Theyíre an organization the Better Business Bureau and the California Attorney Generalís office both call "marginally legitimate," pointing to the fact that less than half of their multi-million-dollar budget goes to the projects they support. The balance goes toward vaguely-defined "Administration," or what might appear to be their real purpose, fundraising. The Better Business Bureau calls organizations with less than forty-eight percent of their funds going toward their stated purpose a rather formal word that translates as "scams."
"Theyíre right on the borderline," a Better Business Bureau spokesman said last week. "When theyíre that close, thereís plenty of room for funny business that no auditor can catch."
"We canít prove that theyíre an out and out scam," a Los Angeles Times investigative reporter whoís looked at the organization said Friday, "But they sure smell like one."
The story went on from there, getting worse and worse as it went along. The story never quite came out and called the Defenders a con job, but there was plenty of innuendo that sounded like it.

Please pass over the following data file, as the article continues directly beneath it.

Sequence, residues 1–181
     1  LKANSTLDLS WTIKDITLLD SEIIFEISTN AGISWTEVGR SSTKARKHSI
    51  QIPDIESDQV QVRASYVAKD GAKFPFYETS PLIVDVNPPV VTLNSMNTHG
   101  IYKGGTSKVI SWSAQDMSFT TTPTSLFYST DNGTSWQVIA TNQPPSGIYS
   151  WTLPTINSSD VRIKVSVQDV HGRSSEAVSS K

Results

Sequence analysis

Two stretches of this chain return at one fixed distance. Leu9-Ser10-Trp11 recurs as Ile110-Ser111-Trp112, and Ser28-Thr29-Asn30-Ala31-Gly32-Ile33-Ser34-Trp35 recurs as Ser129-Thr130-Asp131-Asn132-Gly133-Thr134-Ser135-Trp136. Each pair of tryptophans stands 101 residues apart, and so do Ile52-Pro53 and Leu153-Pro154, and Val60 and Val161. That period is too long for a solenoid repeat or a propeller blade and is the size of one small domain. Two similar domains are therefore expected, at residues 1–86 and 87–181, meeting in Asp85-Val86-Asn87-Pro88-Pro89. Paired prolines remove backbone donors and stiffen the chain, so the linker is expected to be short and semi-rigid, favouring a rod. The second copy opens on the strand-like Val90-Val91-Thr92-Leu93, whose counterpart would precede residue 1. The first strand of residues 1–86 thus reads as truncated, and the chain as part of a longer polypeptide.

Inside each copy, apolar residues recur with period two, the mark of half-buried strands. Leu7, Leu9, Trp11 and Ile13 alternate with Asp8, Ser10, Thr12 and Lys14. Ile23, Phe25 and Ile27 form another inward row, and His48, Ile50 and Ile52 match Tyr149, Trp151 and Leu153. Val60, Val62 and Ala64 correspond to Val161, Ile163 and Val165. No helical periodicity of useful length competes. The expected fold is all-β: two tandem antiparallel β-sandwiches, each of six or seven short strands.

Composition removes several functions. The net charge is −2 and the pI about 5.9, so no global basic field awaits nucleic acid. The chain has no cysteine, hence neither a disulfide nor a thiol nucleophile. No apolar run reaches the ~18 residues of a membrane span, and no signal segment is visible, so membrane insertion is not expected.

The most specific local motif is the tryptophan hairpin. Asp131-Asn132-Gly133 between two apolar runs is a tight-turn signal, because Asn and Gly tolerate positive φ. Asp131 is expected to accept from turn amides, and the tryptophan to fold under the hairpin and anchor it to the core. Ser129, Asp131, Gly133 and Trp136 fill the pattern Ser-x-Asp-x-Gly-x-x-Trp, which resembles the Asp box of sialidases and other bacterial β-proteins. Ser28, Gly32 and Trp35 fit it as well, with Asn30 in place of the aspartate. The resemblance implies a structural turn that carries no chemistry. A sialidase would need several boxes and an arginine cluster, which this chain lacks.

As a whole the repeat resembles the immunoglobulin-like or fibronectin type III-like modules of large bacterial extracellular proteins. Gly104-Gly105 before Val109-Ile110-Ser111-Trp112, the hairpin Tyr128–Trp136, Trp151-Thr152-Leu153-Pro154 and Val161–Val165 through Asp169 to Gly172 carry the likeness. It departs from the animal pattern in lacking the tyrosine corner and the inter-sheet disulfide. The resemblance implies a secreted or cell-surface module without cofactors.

Heather saw red all over the place. Right at the moment, if sheíd had the AK-47 that girl had taken to the Halloween Party, she could have cleaned out the Record-Herald office single-handedly. They could hate her all they wanted, but questioning the Defenders was something else.
Madder than hell, she stormed out of the apartment, without even grabbing her coat, still wearing the torn and safety-pinned pants from almost a week before. She looked for her car, and realized that she hadnít bothered to pick it up from the Sunoco station, yet. The Record-Herald office was only a few blocks away; sheíd walk.
A few minutes later, she stormed into the office, past the counter, and into McMahonís office. "Did you write this piece of shit?" she asked.
"Thereís nothing there that isnít the truth," Mike said. Heíd been expecting this visit, and, in fact, had wondered a little why it hadnít come about the previous afternoon.
"The Defenders is not a multi-million-dollar organization," she said. "Itís supported by donors, and we stretch every penny to make sure they get their moneyís worth."
"The California Attorney Generalís office doesnít agree with you," he said. "Neither does your auditor." Mike turned, and picked up a packet of papers in his hand. "Would you like to see the report the Defenders filed with the California Attorney General? This is it. Where do you think I got those numbers? I can show you the Better Business Bureau report, too," Mike said. "Especially the part where it says, ĎNot Recommended.í"